14 Question How is this close to the concept/idea of communism?

15 Collectives Anyone? Few Peasants willing to move into collectives Few Peasants willing to move into collectives Conservative Peasants: Conservative Peasants: –The NEP seemed to be working fine for them –Unfamiliar working practices –Suspicious of new machinery and techniques –Memories of War Communism and forced requisitioning –Little sympathy for plight of urban poor

16 The Pressure Builds 1928/9 Grain Procurement Crisis 1928/9 Grain Procurement Crisis –Not enough grain to allow 5YP to proceed –Food shortages in Cities –Price rises – inflation Stalin’s Pressures Stalin’s Pressures –Credibility attached to success of 5YP –Urban workers support base for Stalin –Power struggle not yet complete –Urals –Siberian experiment –Long term goal of Industrialisation of Agriculture –Ideological distrust of peasant class Stalin’s Solution Stalin’s Solution –Requisitioning –Forced Collectivisation

17 Forced Collectivisation Rural Communist parties resisted collectivisation quotas Rural Communist parties resisted collectivisation quotas –Too unpopular Special Urban party activist task force created Special Urban party activist task force created –25,000 attended special Two Week courses –Tactics Root out Kulaks? Root out Kulaks? –Confiscate goods Would become basis of new commune Would become basis of new commune ‘Persuade’ remaining peasants to volunteer to join a collective ‘Persuade’ remaining peasants to volunteer to join a collective –Tools used Propaganda Propaganda –Controlled all sources of information Force Force –OGPU, Police, Military Terror Terror –Denunciations, Executions of Kulaks, ‘Necessary Measures’ –10 Million deported Siberia and Labour camps –Quotas

18 Collectivisation - Propaganda

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20 De-Kulakisation Class warfare declared on Kulaks Class warfare declared on Kulaks Communist classification of peasants: Communist classification of peasants: –Kulaks – better off Peasants –hired help –Middle Peasants – moderate incomes –Poor Peasants - landless “We will hit the Kulaks so hard that the middle peasants will snap to attention before us” “We will hit the Kulaks so hard that the middle peasants will snap to attention before us” Ukraine targeted for being less reliable than Russian areas Ukraine targeted for being less reliable than Russian areas –Ukrainian nationalism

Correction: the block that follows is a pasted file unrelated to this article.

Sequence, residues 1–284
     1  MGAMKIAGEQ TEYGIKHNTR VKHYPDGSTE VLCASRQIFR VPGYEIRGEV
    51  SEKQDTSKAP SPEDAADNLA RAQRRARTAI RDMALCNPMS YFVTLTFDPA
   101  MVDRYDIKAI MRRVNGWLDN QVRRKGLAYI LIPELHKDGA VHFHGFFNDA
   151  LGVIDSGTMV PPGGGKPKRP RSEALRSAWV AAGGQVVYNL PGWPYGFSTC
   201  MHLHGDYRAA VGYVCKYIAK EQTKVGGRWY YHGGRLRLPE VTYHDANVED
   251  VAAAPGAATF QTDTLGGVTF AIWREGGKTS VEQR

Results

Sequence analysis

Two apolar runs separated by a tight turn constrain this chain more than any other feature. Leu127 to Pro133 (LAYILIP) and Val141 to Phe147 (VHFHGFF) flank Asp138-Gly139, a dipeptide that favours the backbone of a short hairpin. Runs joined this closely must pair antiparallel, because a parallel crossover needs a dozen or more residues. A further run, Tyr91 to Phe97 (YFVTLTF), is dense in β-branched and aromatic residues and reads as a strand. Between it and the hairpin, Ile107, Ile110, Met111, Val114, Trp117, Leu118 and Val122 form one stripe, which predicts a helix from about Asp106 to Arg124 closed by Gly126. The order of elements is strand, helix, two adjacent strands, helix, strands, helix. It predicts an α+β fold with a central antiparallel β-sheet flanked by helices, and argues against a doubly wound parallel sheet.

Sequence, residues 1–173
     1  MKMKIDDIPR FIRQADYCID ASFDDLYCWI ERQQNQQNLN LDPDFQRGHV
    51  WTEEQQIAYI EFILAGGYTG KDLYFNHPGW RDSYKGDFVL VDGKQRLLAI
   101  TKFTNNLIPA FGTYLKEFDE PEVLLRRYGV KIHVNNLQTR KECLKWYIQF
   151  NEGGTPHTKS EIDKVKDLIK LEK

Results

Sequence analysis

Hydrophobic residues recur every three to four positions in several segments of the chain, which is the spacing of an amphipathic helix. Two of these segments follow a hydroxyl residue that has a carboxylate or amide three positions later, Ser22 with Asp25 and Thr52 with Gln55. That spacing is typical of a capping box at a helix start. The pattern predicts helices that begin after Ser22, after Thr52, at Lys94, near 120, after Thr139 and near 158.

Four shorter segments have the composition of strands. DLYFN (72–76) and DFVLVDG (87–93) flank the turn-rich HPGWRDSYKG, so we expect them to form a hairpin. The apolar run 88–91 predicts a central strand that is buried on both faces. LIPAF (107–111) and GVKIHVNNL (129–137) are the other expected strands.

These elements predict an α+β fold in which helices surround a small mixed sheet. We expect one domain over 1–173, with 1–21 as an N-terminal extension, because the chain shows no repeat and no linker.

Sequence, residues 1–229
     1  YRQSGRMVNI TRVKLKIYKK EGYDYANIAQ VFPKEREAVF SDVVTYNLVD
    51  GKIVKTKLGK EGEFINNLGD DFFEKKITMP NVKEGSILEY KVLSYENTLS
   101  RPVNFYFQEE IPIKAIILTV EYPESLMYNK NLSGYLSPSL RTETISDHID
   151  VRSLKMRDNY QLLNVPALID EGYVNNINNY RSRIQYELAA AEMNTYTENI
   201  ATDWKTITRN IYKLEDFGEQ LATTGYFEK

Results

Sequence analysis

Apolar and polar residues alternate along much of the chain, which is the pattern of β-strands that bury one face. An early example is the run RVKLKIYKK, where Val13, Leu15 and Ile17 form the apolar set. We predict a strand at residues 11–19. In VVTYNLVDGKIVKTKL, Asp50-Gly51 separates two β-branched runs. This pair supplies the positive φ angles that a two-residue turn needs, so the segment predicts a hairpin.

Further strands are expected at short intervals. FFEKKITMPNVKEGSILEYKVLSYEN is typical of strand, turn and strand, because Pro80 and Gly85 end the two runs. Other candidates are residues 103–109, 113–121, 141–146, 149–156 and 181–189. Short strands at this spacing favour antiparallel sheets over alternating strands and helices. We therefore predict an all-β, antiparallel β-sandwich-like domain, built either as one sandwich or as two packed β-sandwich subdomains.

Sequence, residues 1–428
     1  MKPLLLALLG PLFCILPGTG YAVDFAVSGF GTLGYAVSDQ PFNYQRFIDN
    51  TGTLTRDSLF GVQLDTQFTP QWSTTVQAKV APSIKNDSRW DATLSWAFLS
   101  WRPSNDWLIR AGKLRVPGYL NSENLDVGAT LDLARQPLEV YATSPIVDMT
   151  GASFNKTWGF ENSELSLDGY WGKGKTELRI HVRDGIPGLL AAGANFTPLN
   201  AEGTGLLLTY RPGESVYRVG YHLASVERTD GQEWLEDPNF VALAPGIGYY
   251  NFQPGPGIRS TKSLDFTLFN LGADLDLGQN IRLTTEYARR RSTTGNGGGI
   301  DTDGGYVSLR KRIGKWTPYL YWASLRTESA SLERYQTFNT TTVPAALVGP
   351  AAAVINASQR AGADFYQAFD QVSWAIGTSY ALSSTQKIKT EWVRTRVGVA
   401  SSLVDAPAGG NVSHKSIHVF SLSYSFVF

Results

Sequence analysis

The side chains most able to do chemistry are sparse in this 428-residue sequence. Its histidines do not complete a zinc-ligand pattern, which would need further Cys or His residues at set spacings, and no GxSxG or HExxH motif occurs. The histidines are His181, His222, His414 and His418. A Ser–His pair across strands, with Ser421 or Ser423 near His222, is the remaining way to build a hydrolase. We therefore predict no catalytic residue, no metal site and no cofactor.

21 Anti Kulak Poster

22 Kulak Dispersal

23 Stalin’s agricultural collectivisation “Look at the Kulak farms: their barns and sheds are crammed with grain. They are waiting for prices to rise. So long as there are Kulaks there will be sabotage of our grain needs. The effect will be that our towns and industrial centres, as well as the Red Army, will be threatened with hunger. We cannot allow that. We must break the resistance of this class and deprive it of its existence.” Stalin speaking to Siberian party officials after the grain crisis of 1927 How does this source help you to understand why collectivisation was introduced in 1928?